General Aspects of Serotoninergic Drugs: The most important neurotransmitter involved in the pathogenesis of IBS is serotonin (5-HT); 95% of this neurotransmitter is located in the GI tract. Enterochromaffin (EC) cells, along with neurones, mast cells and smooth-muscle cells are major serotonin stores. EC cells release 5-HT in response to increases in interluminal pressure or chemical stimuli. Intrinsic primary afferent neurones (IPANS) express numerous 5-HT receptors, of which 5-HT1P, 5-HT3 and 5-HT4 are thought to be most important in the pathogenesis of IBS.[107] Activated 5-HT1P is pivotal to the initiation of the peristaltic reflex while 5-HT3 and 5-HT4 are now understood to modulate the process.[107]

The role of the serotonin reuptake transporter (SERT) in the pathogenesis of IBS through 5-HT inactivation is the focus of much current research and early findings indicate that SERT mRNA and immunoreactivity is altered in patients with IBS.[108]

5-HT3 Antagonists

  1. Mechanism of Action: Antagonism of 5-HT3 receptors in the sensory apparatus reduces visceral pain whereas 5-HT3 inhibition in the motor apparatus retards colonic transit and enhances small intestinal absorption.[109] In IBS-D patients and healthy controls, alosetron delays colonic transit,[110] probably by increasing of number and propagation length of HAPC.[111] These mechanisms are responsible for a decrease in stool frequency and firming of stool consistency.[111] In addition, alosetron modulates visceral sensitivity by a central mechanism. A placebo-controlled study in IBS subjects showed a decrease in brain activity in response to aversive rectal stimuli after 3-week treatment with alosetron.[112]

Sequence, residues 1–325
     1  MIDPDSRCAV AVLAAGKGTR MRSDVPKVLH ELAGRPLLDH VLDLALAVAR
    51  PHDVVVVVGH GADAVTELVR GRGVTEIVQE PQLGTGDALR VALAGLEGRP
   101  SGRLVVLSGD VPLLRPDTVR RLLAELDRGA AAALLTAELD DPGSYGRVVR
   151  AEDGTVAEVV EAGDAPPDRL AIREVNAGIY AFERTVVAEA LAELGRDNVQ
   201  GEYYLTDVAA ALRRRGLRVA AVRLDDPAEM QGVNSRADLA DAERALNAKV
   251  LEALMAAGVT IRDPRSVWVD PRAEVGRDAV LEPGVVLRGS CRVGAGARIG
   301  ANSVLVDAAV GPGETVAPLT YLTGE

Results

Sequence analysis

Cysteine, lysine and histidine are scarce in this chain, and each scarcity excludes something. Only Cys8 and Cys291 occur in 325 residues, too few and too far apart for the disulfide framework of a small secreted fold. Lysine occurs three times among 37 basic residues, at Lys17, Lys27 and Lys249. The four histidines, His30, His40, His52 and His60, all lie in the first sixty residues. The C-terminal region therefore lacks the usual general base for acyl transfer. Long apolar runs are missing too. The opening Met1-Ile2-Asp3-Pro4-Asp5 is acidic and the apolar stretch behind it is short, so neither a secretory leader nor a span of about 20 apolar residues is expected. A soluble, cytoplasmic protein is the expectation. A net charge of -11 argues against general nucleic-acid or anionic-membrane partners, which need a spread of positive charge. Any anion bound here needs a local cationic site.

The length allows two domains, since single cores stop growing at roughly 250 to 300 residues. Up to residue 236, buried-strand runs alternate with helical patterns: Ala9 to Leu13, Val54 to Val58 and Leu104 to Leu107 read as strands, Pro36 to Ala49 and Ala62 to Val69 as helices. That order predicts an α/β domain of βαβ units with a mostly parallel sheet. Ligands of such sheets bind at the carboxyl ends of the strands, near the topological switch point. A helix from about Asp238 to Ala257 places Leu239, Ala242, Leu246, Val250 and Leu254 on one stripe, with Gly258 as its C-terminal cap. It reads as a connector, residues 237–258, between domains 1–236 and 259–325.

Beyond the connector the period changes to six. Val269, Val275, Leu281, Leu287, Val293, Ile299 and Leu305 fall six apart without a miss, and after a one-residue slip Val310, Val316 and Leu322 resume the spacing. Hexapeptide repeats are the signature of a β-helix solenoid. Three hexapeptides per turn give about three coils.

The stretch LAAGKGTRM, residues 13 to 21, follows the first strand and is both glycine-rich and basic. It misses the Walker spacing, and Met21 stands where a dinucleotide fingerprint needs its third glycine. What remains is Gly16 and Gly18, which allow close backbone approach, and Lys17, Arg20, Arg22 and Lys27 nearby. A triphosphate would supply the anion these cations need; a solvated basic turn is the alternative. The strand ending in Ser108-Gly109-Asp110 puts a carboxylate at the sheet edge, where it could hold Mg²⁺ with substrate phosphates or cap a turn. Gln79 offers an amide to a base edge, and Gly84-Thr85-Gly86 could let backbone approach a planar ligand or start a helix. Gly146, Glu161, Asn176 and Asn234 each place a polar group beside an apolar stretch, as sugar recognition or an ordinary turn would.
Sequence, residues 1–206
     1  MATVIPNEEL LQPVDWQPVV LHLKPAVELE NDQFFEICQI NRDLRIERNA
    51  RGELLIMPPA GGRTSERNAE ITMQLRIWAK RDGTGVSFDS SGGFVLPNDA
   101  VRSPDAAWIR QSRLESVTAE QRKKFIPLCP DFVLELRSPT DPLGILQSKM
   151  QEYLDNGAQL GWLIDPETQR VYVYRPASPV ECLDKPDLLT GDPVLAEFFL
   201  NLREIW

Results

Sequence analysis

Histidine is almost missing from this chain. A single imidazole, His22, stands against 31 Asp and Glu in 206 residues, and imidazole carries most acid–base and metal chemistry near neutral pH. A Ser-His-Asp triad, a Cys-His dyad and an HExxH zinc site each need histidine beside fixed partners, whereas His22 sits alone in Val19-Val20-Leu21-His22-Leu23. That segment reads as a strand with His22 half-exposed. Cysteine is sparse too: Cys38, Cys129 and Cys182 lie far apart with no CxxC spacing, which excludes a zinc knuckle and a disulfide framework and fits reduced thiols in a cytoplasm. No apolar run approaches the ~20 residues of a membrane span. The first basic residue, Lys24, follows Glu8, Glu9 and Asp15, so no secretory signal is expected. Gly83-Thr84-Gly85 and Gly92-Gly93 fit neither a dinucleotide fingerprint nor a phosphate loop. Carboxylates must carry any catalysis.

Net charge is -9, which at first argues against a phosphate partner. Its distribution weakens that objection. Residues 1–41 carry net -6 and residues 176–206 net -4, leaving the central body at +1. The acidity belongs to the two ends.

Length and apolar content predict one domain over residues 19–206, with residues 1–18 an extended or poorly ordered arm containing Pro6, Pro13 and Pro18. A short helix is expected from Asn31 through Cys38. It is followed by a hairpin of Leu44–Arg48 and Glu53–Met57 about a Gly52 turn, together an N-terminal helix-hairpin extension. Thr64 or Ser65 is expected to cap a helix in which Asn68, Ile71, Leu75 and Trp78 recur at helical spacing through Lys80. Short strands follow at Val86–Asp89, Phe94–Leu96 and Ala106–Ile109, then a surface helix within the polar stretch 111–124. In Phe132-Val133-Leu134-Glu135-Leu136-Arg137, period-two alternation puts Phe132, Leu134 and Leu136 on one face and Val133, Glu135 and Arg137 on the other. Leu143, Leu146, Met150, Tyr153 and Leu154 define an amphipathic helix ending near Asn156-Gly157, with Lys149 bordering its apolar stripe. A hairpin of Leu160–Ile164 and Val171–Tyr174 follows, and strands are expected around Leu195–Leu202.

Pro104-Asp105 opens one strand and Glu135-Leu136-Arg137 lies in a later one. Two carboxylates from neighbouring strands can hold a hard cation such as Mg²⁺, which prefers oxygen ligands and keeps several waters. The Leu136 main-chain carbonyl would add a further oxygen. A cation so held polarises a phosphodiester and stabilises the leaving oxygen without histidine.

2. Clinical Evidence: Alosetron, a selective 5-HT3 antagonist, is more effective than placebo in inducing adequate relief of abdominal pain and discomfort, and improvement in bowel frequency, consistency, and urgency in women with IBS with diarrhoea[113,114,115,116,117] (Figure 2e). This drug was withdrawn in the USA (2000) because of side-effects of severe constipation, ischaemic colitis and bowel perforation.[118] It was recently re-approved by the FDA following patient petition for use under a restricted prescribing programme in women with severe IBS with diarrhoea who have failed to respond to conventional therapy.[119]

    Moreover, the relationship between alosetron and ischaemic colitis has been recently challenged. It has been shown that untreated IBS patients have a higher risk of developing ischaemic colitis.[120] On the other side, it cannot be excluded that some patients with silent ischaemic colitis are labelled as presenting IBS.

5-HT4 Agonists

  1. Mechanism of Action: Stimulation of 5-HT4 receptors results in the release of neurotransmitters, such as acetylcholine and calcitonin gene-related petide (CGRP) from enteric neurones which, in turn, modulate the peristaltic reflex.[121] Tegaserod, a selective partial 5-HT4 agonist, acts on multiple levels. Both in vitro and in vivo, tegaserod activates GI motility by binding to enteric cholinergic neurones.[121] In placebo-controlled studies with healthy subjects, as well as in studies with IBS with constipation patients, tegaserod led to accelerated orocaecal transit,[122] and increased the frequency of bowel movements and the softness of stools.[123] In addition, tegaserod modulates visceral sensitivity by enhancing transmitter release on IPANS. In animal studies[124] as well as in studies with healthy humans,[125] tegaserod reduces visceral afferent firing and abdominal contractions in response to noxious rectal distension.